Adult social care is all about providing personal and practical support to help people live their lives the way they want. It’s about supporting people to maintain their independence, dignity and control.
A career in social care can be extremely rewarding – in a recent survey 96 per cent of care workers said they felt their work really makes a difference.
Adult social care is a growing sector and one that offers increasing opportunities for progression.
If you are a good listener, able to communicate well, and are looking for a career which makes a positive difference to other people’s lives, then a career in adult social care could be for you.
There are lots of different types of jobs in adult social care, it just depends what you’re interested in and what role best suits your skills. You could be working in a hospital, in a care home, out in the community or visiting people’s homes.
It doesn’t matter about your background, how old you are or your academic qualifications; somewhere in your community there’s a job that you can do to help others.
Roles in adult social care
Some of the types of roles available in adult social care are:
Care workers: front line staff who work with all types of service users (people who need support and care) to assist with their care, comfort and well-being.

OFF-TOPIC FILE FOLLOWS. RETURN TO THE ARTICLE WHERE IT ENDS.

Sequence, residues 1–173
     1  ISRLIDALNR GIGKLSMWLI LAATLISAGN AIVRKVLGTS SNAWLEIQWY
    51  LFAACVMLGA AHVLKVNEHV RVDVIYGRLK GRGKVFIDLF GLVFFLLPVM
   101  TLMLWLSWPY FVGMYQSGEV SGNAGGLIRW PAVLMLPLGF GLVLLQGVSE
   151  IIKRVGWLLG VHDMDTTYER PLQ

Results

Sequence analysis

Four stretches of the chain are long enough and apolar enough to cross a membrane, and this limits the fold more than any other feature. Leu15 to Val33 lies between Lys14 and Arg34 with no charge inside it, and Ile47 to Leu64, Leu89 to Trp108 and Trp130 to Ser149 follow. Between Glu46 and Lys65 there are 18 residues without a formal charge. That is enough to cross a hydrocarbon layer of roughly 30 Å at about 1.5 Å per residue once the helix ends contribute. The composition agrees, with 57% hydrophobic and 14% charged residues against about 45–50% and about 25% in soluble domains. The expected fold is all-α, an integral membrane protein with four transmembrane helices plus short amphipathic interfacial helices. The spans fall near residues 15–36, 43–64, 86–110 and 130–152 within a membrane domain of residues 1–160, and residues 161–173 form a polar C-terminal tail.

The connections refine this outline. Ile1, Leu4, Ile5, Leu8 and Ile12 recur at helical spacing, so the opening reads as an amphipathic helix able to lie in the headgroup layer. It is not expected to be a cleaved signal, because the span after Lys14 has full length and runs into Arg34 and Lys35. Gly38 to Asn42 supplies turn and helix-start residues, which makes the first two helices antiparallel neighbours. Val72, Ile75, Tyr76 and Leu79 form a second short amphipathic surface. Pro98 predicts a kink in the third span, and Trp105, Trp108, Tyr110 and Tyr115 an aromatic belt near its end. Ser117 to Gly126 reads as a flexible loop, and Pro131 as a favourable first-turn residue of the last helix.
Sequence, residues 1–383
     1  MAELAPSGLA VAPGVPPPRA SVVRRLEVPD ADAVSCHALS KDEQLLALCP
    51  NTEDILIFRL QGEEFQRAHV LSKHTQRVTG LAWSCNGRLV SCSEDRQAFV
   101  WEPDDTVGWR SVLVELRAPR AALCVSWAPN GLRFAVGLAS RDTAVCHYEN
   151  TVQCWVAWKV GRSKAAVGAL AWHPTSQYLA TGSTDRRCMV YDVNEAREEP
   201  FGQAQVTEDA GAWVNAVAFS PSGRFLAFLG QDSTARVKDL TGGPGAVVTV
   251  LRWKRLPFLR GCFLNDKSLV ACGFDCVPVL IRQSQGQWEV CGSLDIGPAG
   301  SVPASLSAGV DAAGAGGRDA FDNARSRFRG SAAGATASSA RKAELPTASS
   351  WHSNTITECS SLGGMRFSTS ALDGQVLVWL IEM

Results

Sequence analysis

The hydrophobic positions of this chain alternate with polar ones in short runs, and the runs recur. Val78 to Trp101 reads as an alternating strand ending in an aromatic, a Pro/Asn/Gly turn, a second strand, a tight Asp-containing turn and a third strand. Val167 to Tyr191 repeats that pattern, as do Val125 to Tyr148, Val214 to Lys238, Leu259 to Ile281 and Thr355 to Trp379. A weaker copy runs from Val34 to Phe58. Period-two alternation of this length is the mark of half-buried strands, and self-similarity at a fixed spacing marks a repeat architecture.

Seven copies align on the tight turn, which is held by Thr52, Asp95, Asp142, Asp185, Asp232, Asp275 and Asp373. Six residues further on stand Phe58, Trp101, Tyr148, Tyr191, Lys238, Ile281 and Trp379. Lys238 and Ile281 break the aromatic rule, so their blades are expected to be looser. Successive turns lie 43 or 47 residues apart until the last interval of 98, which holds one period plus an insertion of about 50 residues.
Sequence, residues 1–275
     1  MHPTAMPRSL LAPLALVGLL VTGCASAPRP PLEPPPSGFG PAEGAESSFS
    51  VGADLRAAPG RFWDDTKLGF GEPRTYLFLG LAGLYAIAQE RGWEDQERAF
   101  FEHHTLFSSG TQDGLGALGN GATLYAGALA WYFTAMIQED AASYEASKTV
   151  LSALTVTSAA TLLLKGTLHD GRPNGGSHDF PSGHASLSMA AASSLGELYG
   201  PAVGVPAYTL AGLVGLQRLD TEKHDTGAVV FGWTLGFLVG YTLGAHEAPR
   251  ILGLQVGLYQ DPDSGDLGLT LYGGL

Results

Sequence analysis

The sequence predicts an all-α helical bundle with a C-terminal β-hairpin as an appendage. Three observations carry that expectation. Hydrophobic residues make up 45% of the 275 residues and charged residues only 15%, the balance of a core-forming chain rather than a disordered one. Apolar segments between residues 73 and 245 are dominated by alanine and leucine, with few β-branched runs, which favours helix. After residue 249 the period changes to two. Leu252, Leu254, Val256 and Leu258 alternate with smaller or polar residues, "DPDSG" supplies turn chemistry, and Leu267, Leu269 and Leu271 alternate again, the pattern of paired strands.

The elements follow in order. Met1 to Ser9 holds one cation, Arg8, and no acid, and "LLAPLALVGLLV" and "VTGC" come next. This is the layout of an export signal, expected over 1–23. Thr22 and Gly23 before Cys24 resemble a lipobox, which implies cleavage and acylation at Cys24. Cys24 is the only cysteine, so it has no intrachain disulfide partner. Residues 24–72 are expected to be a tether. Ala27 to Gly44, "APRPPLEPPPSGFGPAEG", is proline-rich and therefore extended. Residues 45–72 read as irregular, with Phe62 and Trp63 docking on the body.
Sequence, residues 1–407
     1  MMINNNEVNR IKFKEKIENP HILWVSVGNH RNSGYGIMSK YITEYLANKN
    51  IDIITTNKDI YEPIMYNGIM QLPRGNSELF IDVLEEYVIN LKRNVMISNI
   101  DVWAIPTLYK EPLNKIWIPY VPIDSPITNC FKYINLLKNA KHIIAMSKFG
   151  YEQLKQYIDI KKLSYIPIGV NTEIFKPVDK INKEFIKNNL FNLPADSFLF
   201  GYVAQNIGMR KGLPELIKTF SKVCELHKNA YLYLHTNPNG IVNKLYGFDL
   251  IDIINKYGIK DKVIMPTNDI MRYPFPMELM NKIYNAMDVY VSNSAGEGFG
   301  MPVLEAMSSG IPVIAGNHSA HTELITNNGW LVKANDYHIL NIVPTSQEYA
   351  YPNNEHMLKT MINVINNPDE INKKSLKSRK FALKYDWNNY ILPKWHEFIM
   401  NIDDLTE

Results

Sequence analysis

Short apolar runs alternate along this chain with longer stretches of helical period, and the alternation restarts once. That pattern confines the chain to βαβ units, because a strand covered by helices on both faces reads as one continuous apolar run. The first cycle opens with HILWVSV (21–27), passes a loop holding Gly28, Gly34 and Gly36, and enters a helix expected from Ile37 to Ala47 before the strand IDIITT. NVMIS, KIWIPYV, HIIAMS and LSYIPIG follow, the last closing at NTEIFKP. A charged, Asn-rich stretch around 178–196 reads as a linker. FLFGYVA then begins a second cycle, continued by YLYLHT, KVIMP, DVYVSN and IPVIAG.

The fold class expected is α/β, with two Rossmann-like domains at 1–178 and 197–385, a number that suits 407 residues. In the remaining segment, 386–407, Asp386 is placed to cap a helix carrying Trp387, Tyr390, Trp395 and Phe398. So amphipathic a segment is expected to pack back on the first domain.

Occupational therapists: assess service users’ conditions and come up with solutions to prevent disability and promote independence.
Technicians: supply and maintain equipment which supports service users and helps them to live more independent lives.
First line managers: manage the day to day running of social care services, supporting and training staff, and maintaining standards of practice.
Senior managers, including directors and chief executives: responsible for developing strategies for care organisations and services.
Apprenticeships in adult social care
An apprenticeship is one way to start a career in social care. A combination of on and off the job training and learning, adult social care apprentices work alongside experienced staff to gain job-specific skills, getting paid whilst working towards a number of qualifications and gaining experience.
Anyone living in England, over 16 years-old and not in full-time education can apply for an apprenticeship, whether you are just leaving school, have been working for years or are seeking to start a new career.
Most adult social care apprenticeships last around 12 months and at the end you’ll have gained both experience and recognised qualifications, including a Diploma in Health and Social Care.
Joseph McGowan, who is currently doing an Apprenticeship in social care said, “I would recommend the apprenticeship programme to anyone interested in health and social care, as it can be tough to get into the sector without the right experience or qualifications.”
Find out more
Visit Skills for Care for further information about working in adult social care, including apprenticeships.